Note: Because this is not a review article, it has not been peer-reviewed. With the rise of the "evidence-based" fitness movement (EBF) figures such as Brad Schoenfeld have become famous and adopted a guru-like status in social media. While he is certainly part of a recent wave of researchers addressing relevant questions in the skeletal … Continue reading An example of how NOT to interpret research
Note: Starting from this article, all articles will be peer-reviewed before publication. I will do my best to keep this pre-publication strategy, although this might not be possible for all articles. Read more about this in the about page. Article reviewed by Cody Haun, PhD and Martino Franchi, PhD Our current understanding on skeletal muscle … Continue reading Muscle hypertrophy: what are we measuring?
(Originally appeared on Medium) There has been a lot of debate on social media about a study recently published (Schoenfeld et al., 2018) that appears to show a dose-response relationship between training volume (defined as number of sets performed) and muscle hypertrophy (measured as muscle thickness by ultrasound). From this study and their previous meta-analysis, … Continue reading Some thoughts on resistance training volume and hypertrophy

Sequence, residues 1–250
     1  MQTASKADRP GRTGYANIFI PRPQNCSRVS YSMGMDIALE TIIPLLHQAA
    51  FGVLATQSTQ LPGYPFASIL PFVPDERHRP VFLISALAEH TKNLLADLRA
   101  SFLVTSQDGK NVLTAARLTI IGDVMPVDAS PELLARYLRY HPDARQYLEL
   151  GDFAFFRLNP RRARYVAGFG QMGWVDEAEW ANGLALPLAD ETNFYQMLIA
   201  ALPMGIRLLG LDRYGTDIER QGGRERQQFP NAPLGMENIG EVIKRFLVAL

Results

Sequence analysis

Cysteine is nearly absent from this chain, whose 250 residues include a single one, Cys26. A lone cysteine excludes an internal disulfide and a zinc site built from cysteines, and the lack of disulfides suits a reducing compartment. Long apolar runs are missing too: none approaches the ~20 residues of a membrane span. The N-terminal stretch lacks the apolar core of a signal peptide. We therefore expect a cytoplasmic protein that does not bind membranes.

(Originally appeared on Medium) People who train care about their testosterone levels. And every healthy male should. There is an idea floating around that states that too much protein can be detrimental for testosterone levels, and by extension, to overall health and muscle building. What does the data really show? I have repeatedly come across … Continue reading Is a high protein diet bad for testosterone levels?
(Originally appeared on Medium) Our current system of science publishing works something like this: You design a study, collect the data and write a paper. You submit the manuscript to a peer-reviewed journal. An editor receives, evaluates your paper and decides if it goes out for reviewing by other people in the field, who are … Continue reading When the scientific system fails: predatory journals and an example of authors not doing their job